Each Monday, weâ€™ll highlight one indie photographer whose body of work deserves special recognition. Please enjoy their photography here, and make it a point to enjoy the rest of their work on their website.
This week the indie spotlight shines on Ingo Meckmann from Switzerland. Â Ingo loves every aspect of photography but mostly shoots HDR landscapes; especially when he Â travels.
Ingo has been shooting Canon since he bought his first film SLR, the original Canon EOS Rebel, in 1991. Nowadays his main camera is the capable Canon EOS 5D Mark III but he also has a Leica M8 that he really loves and of course his ever-present backup, the iPhone, that has become his point-of-shoot camera of choice.
On checking the meta-data of his LightroomÂ libraryÂ Ingo quickly determined that his most used lens during the past 12 months was the Canon EF16-35mm f/2.8L II, but despite that, his favorite lens is still the Canon TS-E17mm f/4L, Ingo reports that it is incredibly sharp if manually focused.
Ingo’s Â HDR workflow has changed quite a bit since he upgraded from the 5D Mark II to the 5D Mark III. Â He really love the new Auto Exposure Bracketing (AEB) feature that allow him to shoot up to 7 brackets instead of just 3 previously. Â He now shoots the series of brackets much more quickly than before, on the Mark II he did it in M mode starting with the darkest exposure setting and changing the shutter-speed manually one stop until he got all details in the shadows. Â Unfortunately, using this method, he often ended up with ghosting in the clouds. Ingo still shoots most of his HDR brackets in Manual mode but he can now shoot them in one burst which reduces the time between exposures dramatically leaving him with fewer ghosting problems in the sky areas.
Due to Ingo’s self admitted impatience, the instant he gets home from a shoot he immediately import his RAW files into Lightroom by converting them into DNGâ€™s during the import process. He performs this conversion for two reasons:
- Filesize – DNGâ€™s can save about 20% of diskspace compared to RAW files which adds up nicely with his 22 MP files.
- No sidecar files – Ingo has always hated the .XMP sidecar files that store the meta-data of the RAW files. The DNG files store all that information inside the file.
Ingo browses through the files after import and marks the ones he thinks are worth processing, but before he processes the DNGâ€™s in his HDR processing tools, however, he applies the Auto Lens Profile and fixes any chromatic aberration. Â Ingo does this step first because itâ€™s much harder to fix chromatic aberration after creating the tonemapped version of the files.
Ingo’s HDR processing tool of choice is HDR Efex Pro by Nik Software, however, he doesn’t use the built-in presets but mostly relies on the default settings because he does most of the editing outside of HDR Efex Pro Nikâ€™s Color Efex Pro 4 and Silver Efex Pro 2.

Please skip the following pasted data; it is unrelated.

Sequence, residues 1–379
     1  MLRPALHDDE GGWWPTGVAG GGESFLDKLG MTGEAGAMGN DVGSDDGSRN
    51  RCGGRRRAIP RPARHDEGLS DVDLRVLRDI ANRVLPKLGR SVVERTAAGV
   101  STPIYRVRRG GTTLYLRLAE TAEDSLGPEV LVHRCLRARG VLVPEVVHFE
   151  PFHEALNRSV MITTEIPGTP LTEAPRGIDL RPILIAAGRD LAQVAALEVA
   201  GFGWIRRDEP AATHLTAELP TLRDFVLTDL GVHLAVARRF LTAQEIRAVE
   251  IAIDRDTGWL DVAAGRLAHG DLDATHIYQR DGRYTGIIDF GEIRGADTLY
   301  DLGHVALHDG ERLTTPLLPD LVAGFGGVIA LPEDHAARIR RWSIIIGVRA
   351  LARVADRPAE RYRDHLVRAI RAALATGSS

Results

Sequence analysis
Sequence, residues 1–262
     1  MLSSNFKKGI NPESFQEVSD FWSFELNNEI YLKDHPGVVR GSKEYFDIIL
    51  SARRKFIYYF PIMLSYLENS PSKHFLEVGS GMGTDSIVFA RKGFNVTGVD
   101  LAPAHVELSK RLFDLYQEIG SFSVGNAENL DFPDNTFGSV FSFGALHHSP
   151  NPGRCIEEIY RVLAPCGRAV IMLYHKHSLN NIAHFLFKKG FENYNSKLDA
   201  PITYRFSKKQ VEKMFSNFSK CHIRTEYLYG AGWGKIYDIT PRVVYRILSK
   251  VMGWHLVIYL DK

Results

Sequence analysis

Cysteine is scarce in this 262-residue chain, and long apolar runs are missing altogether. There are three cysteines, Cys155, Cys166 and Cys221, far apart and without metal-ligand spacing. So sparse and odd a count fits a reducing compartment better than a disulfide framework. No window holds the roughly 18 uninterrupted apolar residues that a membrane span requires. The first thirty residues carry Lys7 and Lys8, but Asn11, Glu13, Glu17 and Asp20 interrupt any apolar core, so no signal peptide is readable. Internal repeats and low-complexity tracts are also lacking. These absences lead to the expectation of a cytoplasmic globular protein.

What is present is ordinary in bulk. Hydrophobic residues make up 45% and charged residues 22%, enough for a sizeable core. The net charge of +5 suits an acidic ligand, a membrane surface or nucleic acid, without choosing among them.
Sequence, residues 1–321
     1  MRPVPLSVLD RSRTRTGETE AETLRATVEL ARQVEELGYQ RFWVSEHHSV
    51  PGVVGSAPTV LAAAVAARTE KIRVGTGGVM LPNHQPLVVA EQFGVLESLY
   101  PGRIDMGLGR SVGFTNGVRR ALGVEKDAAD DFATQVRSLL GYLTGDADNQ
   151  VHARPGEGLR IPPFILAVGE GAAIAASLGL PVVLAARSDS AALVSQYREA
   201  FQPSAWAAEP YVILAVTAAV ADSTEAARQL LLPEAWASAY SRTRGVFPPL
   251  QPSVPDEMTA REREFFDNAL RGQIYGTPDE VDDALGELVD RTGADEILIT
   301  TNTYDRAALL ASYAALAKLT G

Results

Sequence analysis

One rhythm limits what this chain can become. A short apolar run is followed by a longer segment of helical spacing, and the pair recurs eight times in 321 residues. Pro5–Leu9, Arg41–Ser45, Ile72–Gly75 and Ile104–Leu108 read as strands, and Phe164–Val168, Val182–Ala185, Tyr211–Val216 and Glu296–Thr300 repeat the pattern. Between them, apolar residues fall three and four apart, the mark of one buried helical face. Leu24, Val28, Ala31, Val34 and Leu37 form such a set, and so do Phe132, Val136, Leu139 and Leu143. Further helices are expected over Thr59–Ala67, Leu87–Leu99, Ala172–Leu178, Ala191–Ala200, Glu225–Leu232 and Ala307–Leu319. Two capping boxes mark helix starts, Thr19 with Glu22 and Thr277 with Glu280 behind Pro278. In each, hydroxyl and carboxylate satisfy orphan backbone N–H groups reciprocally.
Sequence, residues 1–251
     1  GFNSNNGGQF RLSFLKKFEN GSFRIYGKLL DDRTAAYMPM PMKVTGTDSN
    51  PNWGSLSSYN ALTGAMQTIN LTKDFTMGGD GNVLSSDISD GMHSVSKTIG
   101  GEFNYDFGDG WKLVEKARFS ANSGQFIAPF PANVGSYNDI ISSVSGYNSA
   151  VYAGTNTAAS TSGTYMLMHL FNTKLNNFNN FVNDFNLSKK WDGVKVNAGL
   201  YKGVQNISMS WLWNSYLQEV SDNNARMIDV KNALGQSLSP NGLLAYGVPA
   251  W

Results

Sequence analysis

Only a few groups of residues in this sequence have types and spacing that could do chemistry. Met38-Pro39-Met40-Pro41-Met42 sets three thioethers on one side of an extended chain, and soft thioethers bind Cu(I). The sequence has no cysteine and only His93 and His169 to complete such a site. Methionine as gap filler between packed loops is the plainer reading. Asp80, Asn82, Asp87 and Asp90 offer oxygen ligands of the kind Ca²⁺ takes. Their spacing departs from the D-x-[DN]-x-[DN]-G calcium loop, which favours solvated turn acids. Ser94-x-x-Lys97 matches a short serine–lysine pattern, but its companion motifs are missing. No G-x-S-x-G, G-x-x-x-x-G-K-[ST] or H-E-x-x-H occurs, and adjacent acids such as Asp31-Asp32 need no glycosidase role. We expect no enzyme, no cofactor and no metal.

Tips, Tricks and Techniques:
If like me you are impressed with Ingo’s landscapes he has shared a few tips with us:
- When shooting landscapes find a strong foreground object or just move on until you find one.
- Back-Button AF: Change your camera settings to move the autofocus activation away from the shutter-release to a button on the back of the camera – it has changed my world and it will change yours, too.
- When shooting a range-finder camera like the Leica M series, always make sure to remove the lens cap before shooting. If you never shot a range-finder camera you wonâ€™t understand but if you did you know what Iâ€™m talking about… trust me (Hint: with range-finder cameras, youâ€™re not looking through the lens.. got it?)
Using these tried and true techniques and a methodical process Ingo achieves superb results most of the time and doesn’t rely on ‘happy accidents.’ Â the lesson to be learned here is to know your equipment and itsÂ capabilitiesÂ and learn to use them to the maximum.
Ingo has 2 photographers that he is really awestruck by the first of them being, Jeremy Cowart, an Entertainment/Music/Celebrity Photographer.
I really admire how he works with his subjects and the resulting work he is able to generate. I first heard about him in a class on KelbyTraining.com. He also is the founder of help-portrait.com, a community of photographers coming together across the world to use their photography skills to give back to their local community.
The second being, Patrick Smith,Â a San Francisco based Landscape Photographer.
His Golden-Gate Bridge Gigapixel Panoramas are absolutely mind-boggling – even more after reading how he created them by shooting 112 exposures over a 2 months period. I would love to shoot on the California coastline with Patrick one day.
Though Ingo has tried many photographic genres from macro, product, portraits, sports, landscapes and architecture, shooting more environmental portraits is a goal of his. Â Also, one of the things on Ingo’s photography bucket list is to go to Iceland and shoot there for a week; some of the most epic landscape photographs he has seen photographs of have been shot there.